0. Point of Prayer at the family altar: Once you’ve selected the appropriate time and place, you still have one important decision left to make: what to pray at the family altar. For many people this is the most difficult. Fortunately, there are a variety of resources available to help us. Devotional prayer books can be obtained from a variety of Conventional publishing houses. Regardless of which one you use, try to get a copy for each member of your family. This will encourage everyone’s participation and give you, as the leader, the option of calling on various members of the family to lead in certain prayers.
When using a prayer book, it all depend on the situation at hand,it is not necessary to say every prayer nor is it necessary to “stick to the writing.” If you’re just starting out or if your children are small (and their attention spans short),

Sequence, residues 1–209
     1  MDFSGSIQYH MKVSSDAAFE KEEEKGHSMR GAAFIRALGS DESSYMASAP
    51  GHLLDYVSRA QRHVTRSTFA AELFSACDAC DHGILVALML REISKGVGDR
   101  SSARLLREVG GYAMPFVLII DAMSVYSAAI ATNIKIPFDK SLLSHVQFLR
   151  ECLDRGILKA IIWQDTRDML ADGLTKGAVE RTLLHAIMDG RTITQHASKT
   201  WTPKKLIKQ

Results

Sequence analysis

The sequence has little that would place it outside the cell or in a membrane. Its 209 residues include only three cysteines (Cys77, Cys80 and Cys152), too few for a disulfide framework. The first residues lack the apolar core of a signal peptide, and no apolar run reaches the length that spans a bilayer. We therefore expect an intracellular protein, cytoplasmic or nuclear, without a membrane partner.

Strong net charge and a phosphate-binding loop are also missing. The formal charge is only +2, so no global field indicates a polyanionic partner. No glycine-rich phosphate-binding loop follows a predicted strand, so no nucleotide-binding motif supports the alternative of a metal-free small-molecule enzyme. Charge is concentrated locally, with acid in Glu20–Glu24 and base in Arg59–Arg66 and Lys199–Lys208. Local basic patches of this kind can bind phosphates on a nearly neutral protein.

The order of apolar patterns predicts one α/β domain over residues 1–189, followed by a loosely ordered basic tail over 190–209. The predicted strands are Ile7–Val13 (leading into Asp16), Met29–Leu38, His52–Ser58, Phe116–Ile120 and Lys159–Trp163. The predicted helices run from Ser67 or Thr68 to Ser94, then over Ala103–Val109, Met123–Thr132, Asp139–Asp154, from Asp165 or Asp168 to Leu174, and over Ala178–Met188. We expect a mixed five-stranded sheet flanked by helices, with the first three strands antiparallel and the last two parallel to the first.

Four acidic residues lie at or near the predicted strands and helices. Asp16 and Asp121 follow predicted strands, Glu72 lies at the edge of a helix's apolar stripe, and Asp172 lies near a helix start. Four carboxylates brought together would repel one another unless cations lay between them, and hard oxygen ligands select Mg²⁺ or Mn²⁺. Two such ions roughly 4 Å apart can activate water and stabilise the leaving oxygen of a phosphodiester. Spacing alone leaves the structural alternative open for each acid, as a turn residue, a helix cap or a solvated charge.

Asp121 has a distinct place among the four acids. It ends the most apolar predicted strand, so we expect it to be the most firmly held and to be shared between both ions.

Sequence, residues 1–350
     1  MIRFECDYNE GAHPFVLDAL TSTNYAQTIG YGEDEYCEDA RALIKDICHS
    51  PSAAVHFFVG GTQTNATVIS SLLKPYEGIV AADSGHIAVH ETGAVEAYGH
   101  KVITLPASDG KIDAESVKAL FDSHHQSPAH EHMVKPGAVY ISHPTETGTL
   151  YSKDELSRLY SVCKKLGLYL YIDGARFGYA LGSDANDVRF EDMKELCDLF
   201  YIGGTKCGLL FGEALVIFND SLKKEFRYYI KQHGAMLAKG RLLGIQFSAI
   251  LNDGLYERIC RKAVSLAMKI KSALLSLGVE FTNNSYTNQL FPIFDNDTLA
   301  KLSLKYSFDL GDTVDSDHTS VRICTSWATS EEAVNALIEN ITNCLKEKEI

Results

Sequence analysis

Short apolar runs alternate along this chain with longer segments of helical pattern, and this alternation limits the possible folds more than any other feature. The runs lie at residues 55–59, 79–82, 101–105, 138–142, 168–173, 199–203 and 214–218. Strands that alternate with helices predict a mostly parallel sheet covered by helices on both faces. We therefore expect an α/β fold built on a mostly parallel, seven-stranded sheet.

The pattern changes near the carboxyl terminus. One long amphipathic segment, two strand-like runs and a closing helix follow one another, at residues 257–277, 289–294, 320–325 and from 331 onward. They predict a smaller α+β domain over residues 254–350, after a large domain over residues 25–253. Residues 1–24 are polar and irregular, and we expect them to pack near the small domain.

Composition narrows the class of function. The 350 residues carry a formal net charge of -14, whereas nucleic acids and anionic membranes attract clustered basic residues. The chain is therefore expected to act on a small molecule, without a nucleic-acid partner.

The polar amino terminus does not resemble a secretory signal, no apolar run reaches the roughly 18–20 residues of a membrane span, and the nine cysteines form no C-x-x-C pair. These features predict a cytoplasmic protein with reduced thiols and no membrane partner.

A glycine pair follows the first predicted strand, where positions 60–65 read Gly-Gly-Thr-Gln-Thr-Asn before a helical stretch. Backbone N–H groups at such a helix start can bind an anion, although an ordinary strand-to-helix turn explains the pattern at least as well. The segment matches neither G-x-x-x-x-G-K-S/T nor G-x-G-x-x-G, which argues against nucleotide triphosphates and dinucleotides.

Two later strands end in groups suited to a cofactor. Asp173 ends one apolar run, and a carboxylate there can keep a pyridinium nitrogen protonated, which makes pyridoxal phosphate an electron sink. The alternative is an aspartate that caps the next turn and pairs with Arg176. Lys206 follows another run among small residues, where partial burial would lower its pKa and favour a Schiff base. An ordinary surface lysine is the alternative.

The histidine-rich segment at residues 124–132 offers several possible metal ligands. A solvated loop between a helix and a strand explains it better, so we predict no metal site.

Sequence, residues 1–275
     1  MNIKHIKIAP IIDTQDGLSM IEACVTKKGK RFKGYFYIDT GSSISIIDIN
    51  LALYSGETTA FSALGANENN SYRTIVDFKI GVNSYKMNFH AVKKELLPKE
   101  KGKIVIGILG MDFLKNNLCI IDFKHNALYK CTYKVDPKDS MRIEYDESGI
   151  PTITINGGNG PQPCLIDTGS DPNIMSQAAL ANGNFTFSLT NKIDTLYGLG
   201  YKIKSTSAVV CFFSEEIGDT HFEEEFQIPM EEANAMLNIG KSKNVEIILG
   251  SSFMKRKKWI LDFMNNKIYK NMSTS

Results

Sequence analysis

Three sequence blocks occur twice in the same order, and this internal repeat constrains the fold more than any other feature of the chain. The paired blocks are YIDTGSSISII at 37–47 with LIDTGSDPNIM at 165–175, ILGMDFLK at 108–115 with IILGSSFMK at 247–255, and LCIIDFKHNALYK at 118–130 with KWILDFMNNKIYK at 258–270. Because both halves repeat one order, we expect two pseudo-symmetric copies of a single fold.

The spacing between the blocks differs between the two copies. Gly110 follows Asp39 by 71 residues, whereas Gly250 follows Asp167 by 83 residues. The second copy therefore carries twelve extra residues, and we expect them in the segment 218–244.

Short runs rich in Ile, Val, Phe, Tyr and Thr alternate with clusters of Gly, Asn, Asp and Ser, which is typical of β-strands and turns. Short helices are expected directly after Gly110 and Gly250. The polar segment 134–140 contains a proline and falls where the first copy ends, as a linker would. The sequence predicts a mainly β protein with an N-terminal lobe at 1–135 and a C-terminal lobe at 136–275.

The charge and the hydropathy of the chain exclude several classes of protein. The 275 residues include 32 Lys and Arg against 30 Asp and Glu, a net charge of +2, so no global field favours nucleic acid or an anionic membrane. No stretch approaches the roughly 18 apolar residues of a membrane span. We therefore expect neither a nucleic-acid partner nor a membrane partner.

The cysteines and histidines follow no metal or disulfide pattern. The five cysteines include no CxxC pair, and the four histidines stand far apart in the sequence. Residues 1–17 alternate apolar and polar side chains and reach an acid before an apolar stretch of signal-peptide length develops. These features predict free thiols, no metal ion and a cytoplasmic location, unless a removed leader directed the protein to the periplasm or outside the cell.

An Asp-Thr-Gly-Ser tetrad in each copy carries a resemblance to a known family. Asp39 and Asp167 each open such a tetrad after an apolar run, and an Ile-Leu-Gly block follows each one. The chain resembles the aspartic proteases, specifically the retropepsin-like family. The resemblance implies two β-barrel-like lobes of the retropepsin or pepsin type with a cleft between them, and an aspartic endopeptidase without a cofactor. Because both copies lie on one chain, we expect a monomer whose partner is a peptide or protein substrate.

One final note: prayer was never intended to be an epilogue or speech. In genuine prayer God speaks to us, and we speak to Him. Both are necessary for discourse. But how does God speak to us? Are we to expect an audible voice? Generally, God speaks to us through the reading of the Holy Scriptures. Thus, Bible reading should be an integral part of our family worship. God specifically charges parents to have His Word upon their hearts and then to pass it on to their children (Deuteronomy 6:4-9). What better context for Bible reading than as we are gathered together as a family for the purpose of prayer.
In conclusion, let me give you three brief tips, items that will go a long way toward making your family’s experience at the family altar a meaningful one.